The NAB Blog

The Englishman Abroad

By Nicolas Soames

1 September 2012

George Henry Cadogan, the fifth Earl Cadogan and an eminent Conservative politician in the closing years of the 19th century, once said: ‘Never go abroad. It’s a dreadful place!’

Allan Quartermain

Of course, the British have, for centuries, been happy to cross the Channel whether prompted by commerce, religion, exploration, fortune or simple curiosity.

Inevitably, their attitudes, once they had left their native land, varied according to temperament and the time. They could go native by indulging in derring-do or, at the other extreme, they could remain aloof and maintain home-grown customs, such as dressing in tails for supper even if they were under canvas on the veldt.

This month, two books convey very different portraits of the Englishman abroad. H. Rider Haggard was virtually contemporaneous of the aforementioned Earl Cadogan, but what a different breed he was. For seven years he lived and worked in South Africa, mainly in the colonial service, where, as is quite evident from the novels that came later, he was deeply impressed by the lives and environment of the Natal and, in particular, the Zulu nations.

His approach was grounded in the traditional Victorian view of the White Man’s Burden, which is expressed in Kipling’s poem of the same name. However, much in the same way as Kipling himself, his outlook was not without respect and admiration for the indigenous people he found in South Africa.

King Solomon’s Mines (1885) was an immediate success and has never been out of print. Two novels followed it in 1887: She, and Allan Quatermain, a sequel to King Solomon’s Mines. Bill Homewood, our Rider Haggard reader, is one of the most dramatic and engaging of readers on the Naxos AudioBooks roster and has now recorded Allan Quartermain. It is a thrill from start to finish! If you read these when you were younger, I am sure you will enjoy every minute of the return journey. If you didn’t encounter them because the vagaries of fashion wiped them from the list of PC-approved books, yet you like adventures and want a break from CGI or fantasy, then please try them!

The Magus

By the 1960s, of course, the Englishman abroad meant something rather different. Certainly John Fowles touched a core nerve with The Magus, in which a young Englishman, Nicholas Urfe, travels to a Greek island to teach in a school. The school supposedly follows English public school values, but what happens to the protagonist is enveloped in mystery, magic and that heat-haze engendered by the blue sea, the blue sky and the parched landscape.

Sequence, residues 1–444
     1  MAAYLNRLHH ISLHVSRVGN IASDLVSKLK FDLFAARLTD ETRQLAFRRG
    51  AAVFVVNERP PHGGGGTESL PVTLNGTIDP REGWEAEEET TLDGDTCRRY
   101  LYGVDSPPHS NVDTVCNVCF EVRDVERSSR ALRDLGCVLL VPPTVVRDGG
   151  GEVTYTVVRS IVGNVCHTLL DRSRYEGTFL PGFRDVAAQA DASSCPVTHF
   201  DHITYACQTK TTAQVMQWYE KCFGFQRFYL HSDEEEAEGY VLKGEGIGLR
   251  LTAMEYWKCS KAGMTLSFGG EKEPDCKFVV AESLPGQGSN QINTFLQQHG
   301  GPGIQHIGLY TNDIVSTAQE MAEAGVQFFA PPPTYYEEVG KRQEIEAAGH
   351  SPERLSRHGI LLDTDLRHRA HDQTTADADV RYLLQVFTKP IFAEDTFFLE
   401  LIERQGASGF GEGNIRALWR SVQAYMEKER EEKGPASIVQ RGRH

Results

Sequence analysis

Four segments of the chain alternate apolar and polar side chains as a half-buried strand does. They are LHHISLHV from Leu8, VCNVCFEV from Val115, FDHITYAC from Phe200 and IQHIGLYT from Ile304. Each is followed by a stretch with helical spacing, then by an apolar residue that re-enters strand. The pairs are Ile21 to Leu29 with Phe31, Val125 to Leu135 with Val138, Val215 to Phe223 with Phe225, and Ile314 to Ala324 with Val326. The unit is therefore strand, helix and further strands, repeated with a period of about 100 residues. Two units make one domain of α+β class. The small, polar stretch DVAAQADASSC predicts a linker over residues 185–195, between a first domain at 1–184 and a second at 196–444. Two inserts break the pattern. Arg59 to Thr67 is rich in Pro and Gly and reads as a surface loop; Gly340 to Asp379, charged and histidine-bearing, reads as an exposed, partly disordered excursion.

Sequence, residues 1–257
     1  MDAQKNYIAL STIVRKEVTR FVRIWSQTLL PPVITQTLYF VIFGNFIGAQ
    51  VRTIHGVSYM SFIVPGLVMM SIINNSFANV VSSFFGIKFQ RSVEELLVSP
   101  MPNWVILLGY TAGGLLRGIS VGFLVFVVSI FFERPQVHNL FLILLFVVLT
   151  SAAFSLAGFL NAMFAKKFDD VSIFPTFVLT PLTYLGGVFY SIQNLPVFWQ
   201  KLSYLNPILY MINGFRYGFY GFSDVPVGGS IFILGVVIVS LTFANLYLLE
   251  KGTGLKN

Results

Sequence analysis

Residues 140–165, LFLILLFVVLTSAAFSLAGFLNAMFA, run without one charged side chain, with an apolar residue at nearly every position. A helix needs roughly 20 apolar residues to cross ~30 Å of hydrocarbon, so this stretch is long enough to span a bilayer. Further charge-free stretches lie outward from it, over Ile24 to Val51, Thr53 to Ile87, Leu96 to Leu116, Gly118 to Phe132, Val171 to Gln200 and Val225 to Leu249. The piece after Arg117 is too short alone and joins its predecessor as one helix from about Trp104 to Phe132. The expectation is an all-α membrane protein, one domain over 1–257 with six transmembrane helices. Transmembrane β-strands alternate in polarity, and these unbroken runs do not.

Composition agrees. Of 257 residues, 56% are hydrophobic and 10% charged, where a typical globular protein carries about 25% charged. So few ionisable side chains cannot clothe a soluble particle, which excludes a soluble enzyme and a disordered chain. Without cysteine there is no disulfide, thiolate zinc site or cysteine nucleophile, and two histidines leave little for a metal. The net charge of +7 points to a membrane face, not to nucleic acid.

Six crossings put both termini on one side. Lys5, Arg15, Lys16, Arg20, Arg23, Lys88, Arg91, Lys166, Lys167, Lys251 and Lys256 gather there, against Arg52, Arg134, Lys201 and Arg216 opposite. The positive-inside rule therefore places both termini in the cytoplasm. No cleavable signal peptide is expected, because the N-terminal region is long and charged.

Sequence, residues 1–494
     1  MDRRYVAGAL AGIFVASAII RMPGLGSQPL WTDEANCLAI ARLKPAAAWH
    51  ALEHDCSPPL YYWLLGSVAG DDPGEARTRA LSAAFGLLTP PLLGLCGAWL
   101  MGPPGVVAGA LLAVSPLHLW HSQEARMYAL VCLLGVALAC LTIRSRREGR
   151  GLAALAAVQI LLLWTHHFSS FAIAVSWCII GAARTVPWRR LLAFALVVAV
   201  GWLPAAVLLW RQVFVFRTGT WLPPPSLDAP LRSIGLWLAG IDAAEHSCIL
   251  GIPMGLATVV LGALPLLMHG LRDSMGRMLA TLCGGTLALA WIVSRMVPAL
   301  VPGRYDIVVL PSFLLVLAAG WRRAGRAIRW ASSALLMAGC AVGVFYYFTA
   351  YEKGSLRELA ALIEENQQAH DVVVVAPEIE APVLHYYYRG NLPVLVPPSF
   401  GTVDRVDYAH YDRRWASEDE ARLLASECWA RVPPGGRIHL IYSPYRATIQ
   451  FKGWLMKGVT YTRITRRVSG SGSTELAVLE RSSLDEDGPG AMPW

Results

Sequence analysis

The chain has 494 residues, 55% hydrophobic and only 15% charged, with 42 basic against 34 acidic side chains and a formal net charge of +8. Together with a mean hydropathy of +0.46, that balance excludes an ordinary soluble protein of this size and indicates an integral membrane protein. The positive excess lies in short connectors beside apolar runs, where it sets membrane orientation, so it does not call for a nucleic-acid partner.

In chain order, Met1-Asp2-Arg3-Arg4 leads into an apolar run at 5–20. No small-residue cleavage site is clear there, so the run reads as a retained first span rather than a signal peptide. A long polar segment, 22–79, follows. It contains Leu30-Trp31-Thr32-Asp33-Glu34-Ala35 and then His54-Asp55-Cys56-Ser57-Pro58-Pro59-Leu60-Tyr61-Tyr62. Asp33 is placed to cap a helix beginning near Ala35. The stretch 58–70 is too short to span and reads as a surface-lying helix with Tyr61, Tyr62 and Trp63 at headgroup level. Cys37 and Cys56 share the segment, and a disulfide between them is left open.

By that time, just before the Beatles gave overt expression to sex and self-discovery, the Englishman was no longer certain of his purpose or his destiny. Often, when he went abroad, he was all at sea. He had been brought up in an emotional English straitjacket with mores that got his forebears through the War. However, it was no longer relevant and it was soon time to decompress, to reboot, but he didn’t quite have the language with which to do it. The Magus helped. With the help of half-digested mysticism, a dash of a new psychoanalysis, and the occasional support of chemical stimulants, John Fowles provided a maze for the individual to escape into.

Curious things happen in the novel: twins appear, sometimes dressed as Greek goddesses, sometimes naked, near and afar, and the after-effects of Nazi terrors during the Second World War inexplicably seem to cross the line into a new reality. Behind all this is the Magus himself. He is a strange, seductive, manipulating figure with a past that Urfe desperately tries to unravel. But what is Urfe, the Englishman, doing in all this uncertainty? Nicholas Boulton gives a masterly reading that catches the mood of that time.

It must be said that Allan Quatermain would have had none of it. He would have picked up a shotgun or an assegai if there was one nearby and just got to the bottom of it in one foray.

Life was so much simpler then. But both would probably have given Earl Cadogan a good ducking.

Nicolas Soames

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